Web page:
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Quad City Herald
Brewster, Washington
September 13, 1945     Quad City Herald
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September 13, 1945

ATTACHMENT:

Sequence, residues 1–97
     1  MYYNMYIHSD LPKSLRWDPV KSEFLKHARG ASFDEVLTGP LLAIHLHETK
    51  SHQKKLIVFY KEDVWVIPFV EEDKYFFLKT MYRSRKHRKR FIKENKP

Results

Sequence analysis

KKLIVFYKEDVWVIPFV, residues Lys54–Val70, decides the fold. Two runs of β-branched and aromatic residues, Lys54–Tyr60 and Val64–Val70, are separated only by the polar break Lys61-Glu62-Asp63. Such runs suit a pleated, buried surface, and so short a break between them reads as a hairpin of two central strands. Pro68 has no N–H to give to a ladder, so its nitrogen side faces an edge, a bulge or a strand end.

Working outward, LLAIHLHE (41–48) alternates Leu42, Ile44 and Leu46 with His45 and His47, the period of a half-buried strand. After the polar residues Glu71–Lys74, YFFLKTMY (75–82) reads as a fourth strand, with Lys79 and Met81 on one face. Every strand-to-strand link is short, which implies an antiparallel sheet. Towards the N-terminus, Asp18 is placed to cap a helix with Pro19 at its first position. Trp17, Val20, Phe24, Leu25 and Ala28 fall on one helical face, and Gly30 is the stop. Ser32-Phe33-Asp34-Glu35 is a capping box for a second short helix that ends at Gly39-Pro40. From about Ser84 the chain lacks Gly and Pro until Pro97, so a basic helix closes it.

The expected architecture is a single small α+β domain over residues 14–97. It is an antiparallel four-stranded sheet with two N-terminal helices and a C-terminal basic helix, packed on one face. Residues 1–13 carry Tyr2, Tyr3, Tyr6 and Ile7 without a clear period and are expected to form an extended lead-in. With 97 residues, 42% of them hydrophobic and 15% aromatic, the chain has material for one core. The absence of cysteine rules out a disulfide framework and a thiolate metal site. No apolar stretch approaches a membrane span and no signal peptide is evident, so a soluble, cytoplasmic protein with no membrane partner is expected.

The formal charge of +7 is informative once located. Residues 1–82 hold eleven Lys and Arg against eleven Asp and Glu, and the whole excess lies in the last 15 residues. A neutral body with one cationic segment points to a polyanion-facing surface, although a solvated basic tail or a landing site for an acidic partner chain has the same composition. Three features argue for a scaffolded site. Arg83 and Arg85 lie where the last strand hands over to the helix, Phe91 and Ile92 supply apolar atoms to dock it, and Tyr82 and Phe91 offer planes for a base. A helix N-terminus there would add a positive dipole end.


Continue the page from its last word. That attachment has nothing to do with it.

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• , • . ..... L - ±. .,:, i  / • : : • ]HERALD-REPORTER i OFFICIAL PAPER F THE, TOWNS OF REWSTER ,::" " • PATEROS and BRIDGEPORT VOLUME NO. 45 SUBSCRIPTION $2.00 PER YEAR BREWSTER, OKKNOGAN CCUNrY. WASHINGTON. SEPTEMBER 13, 1945 "-"  . IIDELEGATION VISITS &apos; ' " Bears To Meet FOSTER CREEK SI'IEI Voluntary Apple HarVest F00id00,00l t.e 00iistment ' It " "'] [Foster Creek Project met Sunday- i Football_____ S.n_____  It the location of the proposed[ n upens On)Dam on the Columbia River. ] Open In i : Home Field :1 • Among the group prominent in Wle 1 45 46 re r . tthe promotion of public power)Men Between Ages 17'37 • 9 -. B 'ste HI h . Pick"us of this Year's app,,e School football -chui whih -were Senator Hugh Mitchell. Con- I May 'Enlist In Peacetime harvest will start next week. or cut .... hort because- 'A'-I' "" ...... ' gressman Henry Jackson, Frank I - Ru Kirby" Bll mgsley.'l" From Pc-I Program ;.about September 20th. This does -vest, consists of four,ames. Thev e,.,  l not include the Winter Banana play Twisp on the home field next teros, Bn geport and Brewster, Navy Rcruiting Stations all Twos Enli.00 Now Starts Next Week . Harvest Not As Large As 0 In Navy ( Last Year I crop which is beino- picked and Friday afternoon, September 14, were:.George Zahn, Harry Baker, over the country are initiating an Ishipped during the first two. a return game at Twisp Tuesday, Kermit Stennes, Bob Stookey. all out drive for vomntary enlist- |weeks in Sptember.. However, Selbtember 18, Almira here on Wade Troutman, Stanley Slade, merits, particularly in the Regular I the Winte Banana crop is 'ela- September  21, and the last game R. C. Monroe, Stanley Mack'ey, Navy, among men in the age tively light and the real start of at Almira September 28. Tom Welborn. Mr. Welborn, Sr., group of 17 to 30 inclus've, who apple harvest does not really • Twenty-four .candidates turned C. V. Elliott, George Wiison, are now eligible by Executive Or- begin until next week. out f.or football practice at Brew- R. W. Weeks, Kenneth Welborn. der of President Truman. This The picking will start in full --ster Hi under a new coach, John order lifts the ban against vlu- swing with the truckers hauling" E. Pariseau. This is the largest W.C.T.U. Convention tory enl;stments in draft ages. into the warehouses, on Septm- The Navy's recruiting drive is  ber 24th. squad to turn out in several To Be Held In Okanogan designed to speed demobilization MISS EDNA. BARBERO years. However, because of the The help angle is a quan<ary quanity and the quality of the material, the wide-open ,razzle- The W.C.T.U. County Convert- of men with long war service, to Ed'na Barbero, frbm, .Denver, Col- menthis yearavailableaS thereyet arefor nothurvestingmany dazzle six=man game will be tion will be held in the Okanogan reduce the Navy's calls through orado, Spanish dncer and radio but a larger number than in for- "played instead of the more popu- Methodist Church Tuesday. Sop- Seective Service and at the same ] tember 18th. Th following will time to enable the Navy to fulfill singer at Okanogan for Mexima met war years are expected to ar- lar eleven-man game. be the prog, m for the day: its extensive responsibilities thru' i Independence Day Fiesta," .whiCh i rive next week. This area will not Coach Pariseau has announced " the transition period and beyond, will be held begianing-at Okano-"have as many Mexican Nationals that no first string has been de- Opening of Convention at 1O:00 A.M. by County President. During August, despite the ban gan Saturday eenlng, Septem- i as in cast years although aIprox- finitely picked as yet. but the fol- on recruiting men between the ber 15. and continuing through limately 109 more are expected lowing boys show promise: Jinl Song, America, by assembly, draft ages of 18 and 37 inclusive, Sunday: September 16, at Omak. shortly. Wick. Ja'ck Winans. Bob Williams FLag Salute, Mrs. Houper. the Navy enlisted more than I The German Prisoner camps Diek Wflliams. Don I_autenslager, Song, Onward Christian Soldiers 16,000 men in the 17-year age - will be locaVed near Malott again Jim Bastin. Ellsworth Hyde. Paul by assembly., group, with parental consent. Of Mi R" • Oft ' this year arid the larger orchards Bo,hriger. Bo.b Morehouse. Red Local Option, Mrs. Hendrick. this number 6.300 joined the Re- In..on iare expected to use many of the Washburn. Jack Cleveland, Del- Reports by Local Presidents and gula'r Navy and the balance on- Nights'-m r-e prisoners. bert Lautenslager. Danny Gel)- County Directors tered the Naval Reserve. .uve]* Short Crop bers, Fred Bell and Elmo Cook. Devotional, Mrs: Manley. Now that the bars are raised _ . The croo is alproximaey 30 per cent shorter this year tan it Others turning out are smaller Noontide Prayer Mrs. Whitinger permitting the Armed Services tv "Pappy" Proves I£1e Can was last year according to atl boys who are beginners: Gone Lundh served by Omak and Oka- reach into the draft age group McVay, Gene Hart, Johnny Pat- hogan Unions. for voluntary enlistments the Na- Take It As Well As Dish estimates. However, last year was terson, . Rand.l Morris, K'enneth 1:15 Memorial Service, Mrs. vy is endeavoring at least to tri- It Out a bumper crop so this year's crop Whitely, Sonny Sampson and Nor Hatcher. is not more than 15 or 20 per man Stranne. Hotlis Milner, who Address by Mrs. Maude Isaacs, ,l,e the August figures in coming - months. Thanks to the ,Iaps trick of not. cent shorter than the past normal was developing into a fine end, State woi-ker. has been forced to drop foothall Specl Music from Pateros. 'Men who have not been in ur.i- reporting many o their prisoners, years. the were cheering news that. The national crop is one of the by doctors orders. Election of Officers. form as well as those recently The. game wi Twisp Frda White ribbon recruits, discharged through the Army and long believed dead had sur- theSh°rteStnationalin thedemandast 20willYearSbe hen-and should be a thriller with botch Round table discussion. Navy demobilization plan are teams out to start an undefeated 7:30 P.M. Young People sought throug this recruiting Foum] among the many miss- vir in proportion to the crop drive. Navy spokesmen announced ins was the Marifie .Air Ace, Ms- than it has been in many years. record this year. Devotions, George Loose that already a number of Worl< jor Gregory (PtIpy) Boyington. This crop is considered by the _ L.T., L. Elsie Carpenter . " _ ,L ........... " ] Speech Contest, Juniors ]War II veterans are igning up Last seext on Jan. 3, 1944 diving marketing agencies as a "sellers j,. , D TRUCKS Address, .Mrs. Maude Isaacs for the Regular Navy. It is anti- into ldw clouds oyer. Rabaultatl A withthe ceflmgCroP:" nowaS growerSfor therCanaoF etes tim %.-::, .OFF THE { Speech Contest, InVermedmtes cipated that this namber will Jap f'ghters on his "., t ] "" " • • time P ,",-" m.,..o.t,,,. .... t; ted ] Worm Loss .'• *':''; :, , ,- iDIV ............................. lIMP  Offering and ong. ..... ' ............... '.t'..]m. "S rO d ]" as missin believed .4end But he ] -ne worrfl loss llS year w)ll ..:.;:., :';:. - lt2J,-s asa ! r t zaon program progresses. Navy had flpped his plane, jttmpe out [ " . . show a h'her percentage than ,:r'=:ru-'-'., . , .   t Report of Judges and rewa d of officials point out that such fur- n laurie i the sea, with a i a d d n last as the crop s eonmderably .It. W.C. Patterson, Pacific No{*th-[Mals. thor service is soleTy a broken ankle and riddled with [smaller and there has been a hot - west Branch Manager of the Ford t voluntary action " on the part of Motor Company, with offices in, Lid ,,%" Off _ o wit to follow the Na-machine-gun slugs. A Jap sttbnm-jdry sttmmer..The spray program / Seattle. alnounced today that the vy as a peacetime career. Many fine had picked him ua. was also interrupted quite a bit first of 1900. trucks scheduled to veterans have embraced this op- The Japs knew Boyingcon well during the past growing season roll out of the Richmond, Califor- ,,On _ ...Farm Wa-es portunity after spending long a-hehad taunted them over his rail-by wind. Short Delicious Crop nia Ford Plant for Pacific Coast   waited furloughs and reaves at io as he roared in for kills. They The variety which takes the distribution during September home. gave him special treatment, greatest loss this year over last came off the assembly lin'e this Ceiling of 1944 Still In The term of enlistment in the When Commander Harold E. is tthe Delicious cro. This is not week. This is the same assembly Effect On Pickers Wages Regular Navy is now from six Stassen greeted him aboard  only true in the Okanogan Valley line that was traveled by more years to four. Physical standards transport, he told about it: The but is likewise in the Wenatchee than 49,000 jeeps during the war Contrary to the belief of nu- are lowered in the light of war first 10 days were hardest. They and Yakima areas. years, merous growers and farm labor- e¢perience. Men changing to the wouldn't let anybody touch me to The export demand is showing ,:,;.. Outstanding improvement; Lave ers. the ceiling is sti.t in effect Regular Navy from the Naval Re- help me. Every day they b!indfolki- brisk and the demand r in the ha- been mad in the new trucks ever 1942 models, according- to Mr. on farm wages, says rover- C. serve and. meh en'kisting not only ed me and threw me in a truck to tion is consider6d lively for this ! Patterson. These improvemen Cook, Land Use Planning Chair- retain their rights to mustering take me into town, then question- early in the season. ine,ude motor changes, adjustable man. out pay, but also are entitled to ed m all day. They would make In place of the 900,000 boxes seat backs for more driving com- In a report given the Executive full -credit for past active duty, me walk on my bad leg, and shove of apples grown and harvested in :' for and win?ows safeguarded Board of the Land Use Planning a special cash reenlistmen£ bonus, me with a rifle butt or make sure the Brewser-Bridgeport area last  with steel frames. Chassis include Committee by Hal McManus. of and up to sixty days' leave at I did. After 10 days I was get- year, there will be som'ething like / the 114, 134 and 158-inch wheel- Cashmere. chairman of the wage home. Additional information can ting pretty ripe - 1 don't know 700,000, according o the present base models. Approximately 1800 hour board of the Wenatchee-O- be obtained from Frank L.-Buell, how they stood the smell. Finally estimates for this year's crop. employees are at work in the kanogan Valley. the "1944 wage C. Sp. (R,), UNR, Recruiter-in- they let a doctor wash me. , plant whose peak wartime era- ceiling is still in effect and should Charge, U. S. Navy Recruiting Then I was taken to Ofuna. ployment was 2200. Many women be strictly adhered to. It will be Station, Post Office Annex, Wen- Everyday was the same. I got Mrs. Washburn Hostess • are still a work. The new trucks carried through the 1945 season atchee, Washing[on. slugged in the. jaw every day Bridgeport Query Club are the first to be turned out of un.ess request is made to the mostly for not being polite. To the Richmond plant since the wage stabilization board for a Real Estate Sells gec to the toilet you had to ask The Query Club met Friday af- company shifted to war produ,e- change. tion on March 24, 1942. Mr. McManus stated that some ]n  Bridgeport the guard's permission politely, ternoon at the home of Mrs. Chas. ., _ than thank him politely for the Washburn with Mrs. C: B. Lame- thought the 12c price for wine- k. saps was too high. but he felt Bridgeport property continues favor when you came back. If you reux in charge of a program on "  - T were having dysentery, as most of World Char;er and Peace, wit P.- . A. HAS FIRST the wage board • would look with to change hands. Win. Lindert us did at times, it meant a hel of quiz arize going to Mrs. Earl Ms- MEETING OF SEASON disfavor on a roll back at this has purchased the Dick Young a lot el'politeness day and night, ckey. The next meeting will be \\; time, due to the amewhat Ugh- propert:y consisting of the rest- Now. for all the prisoners, the with Mrs. Wilbur Conklin Septem- '.i The Bridgepor: P.-T. A. met ter crops generally in the area denqe and two acres of orchard, nightmare was over. The sick got ber 21st. \\;, Friday evening at the schooThouse this year. tie also stated tlmt in- Whig' gives Mr. Lindert the entire first ,priority on returning to the Present were Mrs. Albert Ren- " with Mrs. Wilfred Shaw, the new vestigators for wage stabilization block. Stanley Chiders bought 5 U.S. But thousands of prisoners sink. Mrs. Earl Mac,key, Mrs. president, in charge. Boy Cubs Board as well as Internal Re-lots on Columbia Avenue from had not survived to see the U.S. Lowel Mineard, Mrs. C. B. Lame-{ .i Dickie Allen ami Jimmie Alien venue officers are in the area LeRoy Lilly. Wade Troutman pur- fleet in Tokyo Bay. reux, Mrs. Wm. Dixon, Mrs: Chas , led in the f!,ug saute. Several-now and several cases are being chased the studio building from A. S, Witter, who spent this week Washburn, Mrs..Jewell Pyles, Mrs @rejects for the year were pro- investigated at the present time. • posed. Mrs. Wa'.ter Cornehl had It should be understood, how- here, £nd Richard Reynaud o2 75,000 Bushels of Wheat Wilbur Conklin, Mrs. Stanley Ma- ckey, Mrs. Marjorie Heimbigner Methow bought the Chas. E. Ash- Dumped on Ground and Mrs. Esther Ernsberger. charge-of th program. C. B. La- ever, that while the box wage is by property. . moreux introduced the teachers, 10 cents for Delicious and 12 !] who were presented corsages cents for Winesaps. adjustments The BrewsVer Branch of the ' mde by Mrs. Walter Cornehl and can be made on individual case Jo Ann Miller has been visiting Centennial Grain Company of So- TO ESTABLI3H AS GARAGE Mrs. Shaw. where extremely light crops are friends and relatives in Seattle. atU.e is doing its best business MECHANIC IN PATEROS  Mrs. ,Chas. Washburn, accom- had, by contacting a member of . . . . this year. Built in 1941 with a , panied by Mrs. Don Rosenoff, your local wage adjustment board Miss Esther LiTdy of Omak wa capacity af 150,000 bushels of Thomas B. Wolfe. ,son o= € R. T. ' sang- two lovely songs. This was consisting of six growers in the in Bridgeport Sunday. grain, the elevator is now fiqed Wolfe, has returned fom the ser- ' followed by a guessing contest Brewster-Bridgeport area. Stau- * • * and there is an additional 75,000 vice and received his discharge aft which Mrs. Washburn led ley Slade. Chairman. with M), Mrs. lizabeth Brooks is spend- bushels of wheat dumped on the papers. He has ben in the Army 1 liras the week with Omak relativez, ground, since January of 1942, and was in hui0rous communi y songs. A Todd. Archie Os.enberg, Al King. . . . . overseas 32 months. He has five l The shortage of railroad cars and five I?attle melon feast was serv'ed by Mrs. Grover Cook and Leonard Men- Word has been received by Mr. it  Torn Hanford, Mrs. Monty Sever- roe. These men have been alooin-and Mrs. Fred Word that their has made necessary to dump Stars. Service StlJpes in, Mrs. Wade Troutman and Mrs ted by tTe wag stabilization i boy, Fred, Jr.. will be .ome soon. this heat on the.outside and it  He is planning on establishing Etbert Conldin. board to assist in appraisals to will have to be moved before bad , He has been stationed in India weather comes, j himself in Pateros as a garage " help arrive at a ,per hour or per on the Burma Road for over two mechanic. His father and two L WILL TAKE OVER ORCHARD tree basis, in addition to the box years. Damond Morris, manager °f!brothers, vho hav been living in rate. which would be fair to both , . . . the Brewster elevator, stat'ed that Brewster, are moving o Pateros ' Navy -Lieut. Francis Crane is the operat0" and picker in ex- Mr. and Mrs. L. B. McLean all the grain they had handled with hm. home after 52 mont.hs in the ser- treme cases. , His brother, George Wolfe, lef were (ailed away Monday by the this year (250,00b bushels) was vice, of which 30 months were Mr. Fred Dezellem, of Wens= death of Mr. McLean's fater, -.=. grown and harvested within a forthe Service Wednesday. spent in the Aleutians. He was, at thee, is the manager for the We:- McLean, 10ng time resident of the radius of 20 miles of Brewster, Dutch Harbor when the Japs at- atchee-0kanogm Valley and "can Big Bendt( on the Indian reservation and in i Mr. and Mrs. Will Gi'den of tacked, be dontacted personally. • • • • County. Anacorves. former residents here, He was raised on the Crane Or- - o  ..- - .t Mr,:  Mrs. Ellis Peele were Mr. Morris is .lookilg.. folward a:e over for the apple harvesz ).. v.als and  returned to take' Mr," and Mrs.. A..B, TarLl|dMied to Lind Wednesday to at- ta getting plenty afx¢. iseen They: are now at the home of 6vet and release his Dad from have spent the pasttwo weeks in:I temPi the 'funeral of Mm. Peele's lhe staz an that',.76.0} bushels: son, Chet, and family up the Met- "n6at of the vesOsibility. Slkne. brother-imlaw. • of wheat with his scoop shovel how. i i ,, i, V I NUMBER 11 STARTS NEW FRUIT CO., IN WENATCH Announcement is made this i week. of discdntinuanee of bus- iness relationships between J. D. i Hamilton of Wenatche'e, and i Mojonier and Sons Inc., fruit IA.b0ut The State 0f Washingt0n By Guy LnFollett* Initiative Measures Being Discussed By Verious Groups shippers of Walls War.a, with a branch at Wenatchee. For Next Election Announcement is made simul' OLYMPIA, September 12 - There raucously, of organizavion of the is perhaps more discussion of in- I J. D. Hamilton Fruit Co. of Wen- itiative measures for a-wide var- atchee, with office at 605 Doneen iety of purposes than ever before :this far ahead of an election. Bldg. Mr. Hamilton has been Manager of Mojonnier' Wenatehee opera- tion for the past 1l years. He will continue the carlot distribution of Wenatchee district fruits, as Cash Buyer and Handler. Under'Ham - ilton's direction as rnnager of Mojonniers, volume was attained in excess of 1,0.00 cars er year. Mr. Hami',ton personally inau- gurated and marketed the highly satisfactory and profitable cherry and apricoc packing am| market- ins pools at Wenatehee. Cash- mere, Ch'elan and Oroville, and is especially widely known in those districts. Mojonniers' summer-fruit ac- countings and payments in full to growers were completed last week Late-season cherries were 0aid. up to 171hc per lb. and better. Apri'cots shipped during the Last 2 - 3 weeks of the season paid $140 - $150 per ton. Prices are net to growers. PLAN TO GATHER COUNTY HISTORY Okanogan County school chil- dren will have county history rupning out their ears by June, if any criterion can be drawn frmn the enthusiasm of the coun.W committee, which assembled in O- kanogan Friday night for the first meeting of the year. Twenty- three school and lay people from Chesaw. Coulee Dam, Winthrop ad way points met to f0_rulate ,plans for gathering and organiz- ing OLanogan ounty history ma- terial. School textbooks wLl then be written from data collected. Emphasis will be put upon the project throughout the school term, all over the county. The ac- tive participation of all county residents is solicited in collecting writing up and typing the mater- ial. It is felt that all can make valuable contributions to this worthwhile roject. Findings will not be limited to early county his- tory, but will come up to the pre- sent time. Entertains Civic League,, Teachers Novel Entertainment Is Enjoyed By Ladies The Trlanff.e Club and the P.- T. A. enbertained, Friday after- noon at the Legion Hall, the Civ- ic League and the teachers. Mrs. Robert Whitinger, in behalf of the P. - T. A., introduced the teachers. Mrs. C. V. Elliott, res- talent of the Triangle Club. wel- comed the guests, and. Mrs. J. C. Sonstelie responded for the teach- ers. Each lady then told her full name and birthp,ace, fol'owing this by the use of her initials in a bi of advice. In the game of Progressive Conversation. Mrs. Emerson and Mrs. Clendenin were awarded pri- zes. In the contest for most cor- rect titles for objects displayed about the room, Miss Viola Noon- an won first, and Mrs. Sonstelie, Mrs. Clendenin ar'd Miss Lee tied for second. Singing of familiar choruses by the grottp, with Mrs. G. L. WAson at he piano, was enjoyed by all. Fo lowing are the names of thoze register;rig: Me,lames W.H. O.son, Max Goehry, Robt. Whit- inger, Gee. Drislell, Jr.. Emery Crandall, R. W. Weeks, Elgin Yeager, R. C. Wanamaker, Clea- tis Key, C. V. ElFott, C. R. Mc- | Kinley, Kenneth We,b0rn, G0r- don Hess, Karl Clendenin, D. S. Sampson, G. S. Asbury, Lester Wadde, Glad)'s Rogers, Charle Em'erson, Neil C:,ur hill, Debbie Olson, W. R. Harris, W. W. How- :, J. C Sontelie, G. L. Wilson, C. V. Hile, H. Guenther, Win. Stranne. Ralph Rnner and O. P. M¢Coy, and the Misses Viola Noonan', Hazel Stone, Grace Scha- for. Ida Curry, Josephine Lee and Myrtle E. Larabte. Groups and individuals who have had little success in having their ideas developed into laws atpt. sessions of the leg!latuz'e making plans to get measure fore the voters at the 1946  tion. Because of this gener terest, we have ask',:  Ve Gilbert who is superintende elections in the office of Reeves, Secretary of State give us a condensed summar just how measures are subml mm to the voters. From bis report we give you the following: Any Legal Voter or Committee May Present Initiative Any legal voter or eommite'e may present an initiative. Mea- sures may be presented to the Sec- reta.ry of StaVe on Jan. 5, 1946 and for six months thereafter. Of course those coming in early will ,have that much more time to-cir- culate their oetitions. Those which are most likely to succeed will be in early. Five copies, typed, must be presented, and a fee of $5.00. paid. Not more than ten days later a ballot, title is presented to the sponsors having been prepared by the Attorney General. This is used as copy for the aetition forms, which are printed by the sponsors at their expense. Solicitors Must Not Be Pald Signature* "lte law specifically provides that solicitors must not be paid for otaining signatures. There must be no less than 50,000 sig- h-of .regi vatara, and these are carefully checked by the Secretary of State to determine if the number is sufficient to qualify the measure. Most petitions are submitted with no less than 70,000 naanes for there is always a loss when the checking is completed. Petitions must be completed and filed by close of business July 5 next if measures are to appear on the ballot for November 5 elec- tion. While there are many other points to be considered this gives the voter a general idea of the necessary method by which he measures will get onto the 1946 ballot. Suprem f Court Held Increase l'n Pay For County Officials Illegal Recent arecision of the state su- preme court to the effect that th law .pass by tte last legislature by which an irmrease in pay of $75 per month for elective county officials is unconstitutional brings interesting problems. The court held that the law was clearly a vi61ation of the state constitution which provides in Article 2, Sec- tion 25, "The legislature shall never grant any extra conpensa- tion to any publi officer - nov shah the compensation of any public officer b increased or di- minished during his term of of- rice." Some counties have paid the increases, some have issued warrants and are holding them. The opinion here sems to be that there is no question regarding the legality of the payments, up to the time of the court decision• Court Decision Brings Joy To Hearts of Republicans lpublican members of the le- gislature, meeting in Seattle over theveekend, were quick to point out that the decision in this case woud seem to apply in the case of increases in salaries for state elective officials as well. They aintain that the conditions were .m.ost the same and that the o- pmmn of the acting Attorney General approving the matter should be viewed in the light that official is one of the number that are being increased by this legis- lation. In fairness to these critics it should be stated that the re- cords show most if not all of the republican mmbers of both hou- ses voted against this billwhen it was up for consideration. Also, the fact tha all the officials af- fected are democrats might have had its bearing on the support of the bill. Short Items -Plenty of Competition is in prouect for th position of Uni- (Oeetia! Oa h |)